Friday, December 22, 2006

Rational and Behavioral Reasons for Gift-Giving

Economists like to tweak normal people’s sensibilities by saying that gift-giving is inefficient, and that it would make more sense for everyone to give money instead (and even more sense to compare the dollar values of any two anticipated gifts and have the net giver hand over the difference to the net recipient). This article by economist Joel Waldfogel, brought to my attention by a former student, is a nice example because – in addition to making the standard theoretical argument – Waldfogel actually provides empirical evidence that people value the gifts they receive at less than their dollar value.

But as I’ve said before, even though I introduce this lesson to my students with the title “why my uncle the economist always gives me money for my birthday,” I do in fact give non-money gifts to my own friends and relatives. And the justification for doing so does not, as Waldfogel implies, necessarily require invoking behavioral economics and denying rational choice. The dollar value placed on the gift item itself is not comprehensive; it does not include all the other benefits of gift-giving. I listed some of the reasons last year; probably the most important is signaling to the recipient that you care enough to spend your time thinking about them. The trust-building that results can have great value independent of the actual gift’s value.

But even if we set aside signaling, there is also the enjoyment of unwrapping the gift on a special occasion, in the company of loved ones. And perhaps most importantly, there is the utility of the gift to the giver. You might give a book to a family member because you look forward to discussing it with him later, a game to friends because you hope to play it with them, a piece of jewelry or clothing to a romantic partner because you want to see her wearing it (or not wearing it), and so on. Such quasi-selfish benefits surely ought to be counted, and I suspect they could easily swamp the 20% loss in value cited by Waldfogel.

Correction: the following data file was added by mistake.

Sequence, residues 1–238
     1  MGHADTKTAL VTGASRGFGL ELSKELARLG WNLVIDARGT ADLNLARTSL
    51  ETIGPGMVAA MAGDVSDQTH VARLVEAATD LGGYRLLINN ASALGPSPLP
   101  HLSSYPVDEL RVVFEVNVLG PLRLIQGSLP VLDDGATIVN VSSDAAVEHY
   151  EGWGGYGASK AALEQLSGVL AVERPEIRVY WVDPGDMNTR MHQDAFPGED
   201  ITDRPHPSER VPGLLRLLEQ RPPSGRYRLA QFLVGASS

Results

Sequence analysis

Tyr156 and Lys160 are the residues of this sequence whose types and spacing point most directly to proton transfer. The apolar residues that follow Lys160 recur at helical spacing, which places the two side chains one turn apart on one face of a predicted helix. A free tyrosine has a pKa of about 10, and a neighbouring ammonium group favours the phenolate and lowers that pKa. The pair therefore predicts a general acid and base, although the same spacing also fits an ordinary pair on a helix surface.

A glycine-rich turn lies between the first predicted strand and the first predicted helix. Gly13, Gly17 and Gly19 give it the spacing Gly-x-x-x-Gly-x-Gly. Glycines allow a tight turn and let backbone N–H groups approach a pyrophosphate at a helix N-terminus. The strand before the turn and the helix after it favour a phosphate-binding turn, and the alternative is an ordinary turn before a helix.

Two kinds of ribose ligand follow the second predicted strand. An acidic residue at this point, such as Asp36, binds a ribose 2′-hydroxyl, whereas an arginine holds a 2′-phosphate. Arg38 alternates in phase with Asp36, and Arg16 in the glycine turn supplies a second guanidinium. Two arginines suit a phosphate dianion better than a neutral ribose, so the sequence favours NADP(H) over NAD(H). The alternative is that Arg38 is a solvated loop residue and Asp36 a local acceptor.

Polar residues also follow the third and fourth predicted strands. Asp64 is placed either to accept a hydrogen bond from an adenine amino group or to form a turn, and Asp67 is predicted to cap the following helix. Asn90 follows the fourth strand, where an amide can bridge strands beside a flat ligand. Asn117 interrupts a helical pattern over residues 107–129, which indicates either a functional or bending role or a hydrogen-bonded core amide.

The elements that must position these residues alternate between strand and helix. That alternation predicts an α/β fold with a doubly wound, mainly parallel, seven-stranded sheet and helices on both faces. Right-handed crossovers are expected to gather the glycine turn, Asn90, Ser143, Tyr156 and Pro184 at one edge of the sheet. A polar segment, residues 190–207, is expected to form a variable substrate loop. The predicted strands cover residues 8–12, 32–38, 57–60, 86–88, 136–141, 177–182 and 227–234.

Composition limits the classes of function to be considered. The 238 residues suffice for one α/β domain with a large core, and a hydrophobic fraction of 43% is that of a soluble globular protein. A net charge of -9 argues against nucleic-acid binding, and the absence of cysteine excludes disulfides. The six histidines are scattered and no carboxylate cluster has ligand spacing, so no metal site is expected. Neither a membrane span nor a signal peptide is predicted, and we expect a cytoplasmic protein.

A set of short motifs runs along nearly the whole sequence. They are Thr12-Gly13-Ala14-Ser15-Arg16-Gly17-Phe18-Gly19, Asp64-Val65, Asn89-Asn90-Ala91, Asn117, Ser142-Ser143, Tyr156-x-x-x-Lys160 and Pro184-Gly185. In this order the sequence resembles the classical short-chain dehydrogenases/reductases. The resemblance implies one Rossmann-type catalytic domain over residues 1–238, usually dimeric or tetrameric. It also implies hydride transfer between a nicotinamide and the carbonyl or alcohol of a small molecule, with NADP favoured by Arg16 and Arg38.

Finally, if we do go the behavioral econ route, there is yet another function of gift-giving cited by Alex (damn him for beating me to this point!): it is a device for indulging our fun-loving, spontaneous, immoderate sides. My sister actually chastised me for putting socks on my Christmas list this year because, she explained, the whole point is to get something fun and non-utilitarian. (In my defense, I did have fun stuff on the list; I was just trying to give people more options!) There’s a serious point here that goes beyond the theory of gift-giving. The (often paternalistic) behavioral econ literature typically focuses on the harms imposed by the short-run self upon the long-run self, as well as on the commitment devices employed by the long-run self to reign in those intemperate impulses: resolutions, gym memberships, diets, automatic savings plans, etc. But it’s also possible for the long-run self to impose harms on the short-run self – by creating guilt, curtailing spontaneity, and generally ruining the fun. To overcome the overweening nanny-self, people will sometimes precommit to pleasure. For instance, they will sometimes choose vacation packages and other luxuries over other cash prizes of equivalent value. Gift-giving performs a similar function: it allows recipients to have fun without guilt.

2 comments:

David Friedman said...

"I listed some of the reasons last year; probably the most important is signaling to the recipient that you care enough to spend your time thinking about them."

As stated, I don't think that one works. You could send the same signal by giving an amount of money equal to the cost of the gift plus the cost of the time you would have spent finding it.

To fix that you either need an argument--I have one--implying that it is easier to find a good gift for someone you care about, hence that it works as a signal, or you need some richer account of costs to the giver.

Suppose one believes in the short run/long run internal distinction. The short run me doesn't care about money, since the money spent on the gift reduces consumption in the long term, not immediately, assuming reasonable liquidity. The short run me does care about the time. So spending time signals that the short run me cares about the recipient.

This implied a testable prediction. Someone who is liquidity constrained, who can spend money only at the cost if immediate consumption, will be more likely to give money as gifts.

Glen Whitman said...

I agree, the signaling argument is only in shorthand here. If what we want from signaling is a separating equilibrium -- one that distinguishes those who *really* care about you from those who don't -- then the signal has to be less costly for the more sincere. This could be because someone who knows you has better information than someone who doesn't, or because someone who likes you actually enjoys the process of thinking about you.